|Scientific Name:||Apium bermejoi|
|Red List Category & Criteria:||Critically Endangered B1ab(v)c(iv)+2ab(v)c(iv); C2a(i); D ver 3.1|
|Assessor(s):||Mus, M. & Rita Larrucea, J.|
|Reviewer(s):||Strahm, W. & de Montmollin, B. (Mediterranean Island Plants Red List Authority)|
The species only occurs in a single site and the total number of individuals is very small and fluctuates in number. The most recent census counted 98 individuals, although many were young plants which never reached reproductive age. In other years the total population numbered less than 60 individuals, again not all reaching maturity. Given the threats facing this species, a continued decline in number of individuals is predicted.
|Range Description:||This species is endemic to the Balearic Islands, and occurs in the north-east part of the island of Minorca. Here it is only found in two small areas separated by a rocky zone about 200 m wide.|
|Range Map:||Click here to open the map viewer and explore range.|
|Population:||The total population numbers less than 100 individuals in an area of just a few dozen square metres.|
|Habitat and Ecology:||
A. bermejoi is a herb that grows in stream beds that dry out in summer and occasionally during dry winters. It grows on acidic soil which accumulates in small rock depressions, and requires only moderate sun exposure.
This perennial plant reproduces from seeds but can also reproduce vegetatively from stolons, which are horizontal stems creeping just above the ground having the capacity to take root and form new plants. There is evidence that the two subpopulations on either side of the rocky zone are genetically different, but the importance of this for the long-term maintenance of the entire population has yet to be assessed. This species benefits from nitrogen provided in seabird droppings.
The species is threatened both directly and indirectly. Its habitat is extremely unstable with available water and nutrients varying greatly from year to year. A. bermejoi does not support competition from other species very well, including competition from native carpet-forming species as well as introduced alien species such as Carpobrotus edulis. It is directly threatened with trampling by fishermen and hikers, as well as motorbikes on the beach.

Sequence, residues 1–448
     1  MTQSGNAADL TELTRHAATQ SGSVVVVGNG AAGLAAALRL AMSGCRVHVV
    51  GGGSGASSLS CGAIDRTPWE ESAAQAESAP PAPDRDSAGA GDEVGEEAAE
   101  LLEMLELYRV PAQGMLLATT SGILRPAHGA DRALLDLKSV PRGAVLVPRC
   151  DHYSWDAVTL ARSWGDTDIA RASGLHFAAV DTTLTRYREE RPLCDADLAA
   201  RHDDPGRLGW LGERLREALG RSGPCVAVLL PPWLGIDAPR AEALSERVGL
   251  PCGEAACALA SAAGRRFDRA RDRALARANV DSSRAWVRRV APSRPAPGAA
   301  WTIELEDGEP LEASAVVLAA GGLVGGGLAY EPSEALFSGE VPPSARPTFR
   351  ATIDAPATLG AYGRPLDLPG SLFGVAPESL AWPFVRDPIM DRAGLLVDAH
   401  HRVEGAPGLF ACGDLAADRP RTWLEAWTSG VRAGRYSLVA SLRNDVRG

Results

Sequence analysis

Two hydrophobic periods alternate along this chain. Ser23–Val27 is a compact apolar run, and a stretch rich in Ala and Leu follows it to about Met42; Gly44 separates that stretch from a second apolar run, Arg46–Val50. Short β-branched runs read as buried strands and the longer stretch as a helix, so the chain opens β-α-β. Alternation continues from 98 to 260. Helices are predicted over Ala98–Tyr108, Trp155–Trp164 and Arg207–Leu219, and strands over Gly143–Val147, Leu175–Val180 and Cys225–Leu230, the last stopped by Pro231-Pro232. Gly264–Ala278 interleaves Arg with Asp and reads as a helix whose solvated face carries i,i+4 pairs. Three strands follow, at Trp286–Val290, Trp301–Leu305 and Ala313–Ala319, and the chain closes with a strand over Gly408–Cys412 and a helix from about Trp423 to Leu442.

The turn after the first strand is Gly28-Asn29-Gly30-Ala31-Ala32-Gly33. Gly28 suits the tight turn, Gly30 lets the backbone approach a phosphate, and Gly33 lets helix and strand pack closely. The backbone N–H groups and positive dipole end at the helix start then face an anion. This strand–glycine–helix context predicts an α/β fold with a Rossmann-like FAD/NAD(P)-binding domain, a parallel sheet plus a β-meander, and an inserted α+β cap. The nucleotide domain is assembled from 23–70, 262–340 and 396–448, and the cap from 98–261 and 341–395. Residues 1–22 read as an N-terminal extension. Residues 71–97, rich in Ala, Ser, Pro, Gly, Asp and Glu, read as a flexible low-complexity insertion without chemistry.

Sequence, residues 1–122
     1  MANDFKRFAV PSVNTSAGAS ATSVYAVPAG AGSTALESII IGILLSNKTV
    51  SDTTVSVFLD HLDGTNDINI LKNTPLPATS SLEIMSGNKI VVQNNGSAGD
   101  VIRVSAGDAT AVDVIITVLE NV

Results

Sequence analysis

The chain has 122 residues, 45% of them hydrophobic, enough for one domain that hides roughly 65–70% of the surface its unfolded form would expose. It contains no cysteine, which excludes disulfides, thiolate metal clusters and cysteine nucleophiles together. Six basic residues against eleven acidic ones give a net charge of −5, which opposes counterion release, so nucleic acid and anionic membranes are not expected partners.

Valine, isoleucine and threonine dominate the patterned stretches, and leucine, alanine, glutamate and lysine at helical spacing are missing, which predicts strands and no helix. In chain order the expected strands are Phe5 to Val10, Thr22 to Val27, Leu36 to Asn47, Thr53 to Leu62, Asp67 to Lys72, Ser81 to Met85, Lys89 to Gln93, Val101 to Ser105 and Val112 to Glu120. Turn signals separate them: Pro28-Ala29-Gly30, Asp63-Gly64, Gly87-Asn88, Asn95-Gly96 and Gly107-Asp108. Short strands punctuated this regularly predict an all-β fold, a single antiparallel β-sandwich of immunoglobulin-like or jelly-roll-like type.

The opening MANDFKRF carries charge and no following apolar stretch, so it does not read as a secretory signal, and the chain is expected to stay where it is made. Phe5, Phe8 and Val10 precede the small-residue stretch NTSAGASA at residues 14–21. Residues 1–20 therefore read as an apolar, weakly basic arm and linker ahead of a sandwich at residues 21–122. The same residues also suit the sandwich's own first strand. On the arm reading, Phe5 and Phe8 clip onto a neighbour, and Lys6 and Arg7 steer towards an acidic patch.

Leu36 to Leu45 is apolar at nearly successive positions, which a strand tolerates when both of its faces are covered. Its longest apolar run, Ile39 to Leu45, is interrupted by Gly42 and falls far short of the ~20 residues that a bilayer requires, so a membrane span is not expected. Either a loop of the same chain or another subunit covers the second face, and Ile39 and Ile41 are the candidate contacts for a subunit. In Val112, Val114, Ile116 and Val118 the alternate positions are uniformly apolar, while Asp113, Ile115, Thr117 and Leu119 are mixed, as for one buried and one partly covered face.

Climate change may cause changes in its habitat. For example, several consecutive dry years will weaken this species and favour the development of opportunistic, more competitive species. Any wild collection of A. bermejoi represents a potential threat.
Actions in Place
Legally: This species is listed in Annex I of the Spanish royal decree 439/1990 which grants it protection in its natural site. Internationally, A. bermejoi is included in two legal documents: Appendix I of the Bern Convention and Annexes II and IV of the EU Habitats Directive, where it is listed as a priority species.
In situ: Since 2003, the University of the Balearic Islands has started a rehabilitation programme for A. bermejoi in its natural habitat with financial support from the MAVA foundation. A programme to eradicate all species of the introduced and invasive Carpobrotus has been undertaken since 1996 in natural areas of the Balearic Islands, with mixed success. Since 2002, the eradication programme has focussed on sites with rare species such as A. bermejoi.
Ex situ: Seeds of this species are stored in the Sóller Botanical Garden seedbank, located on Majorca, where the plant is also under cultivation.
It is essential that the small area where this species grows be protected from trampling and motorbikes. To make conservation actions more effective, studies on population dynamics (recruitment and mortality) and reproductive biology of this species are needed. (Re-)introduction of this species to suitable habitats to increase its number of populations and its survival chances is needed.
|Citation:||Mus, M. & Rita Larrucea, J. 2006. Apium bermejoi. The IUCN Red List of Threatened Species. Version 2014.3. <www.iucnredlist.org>. Downloaded on 19 December 2014.|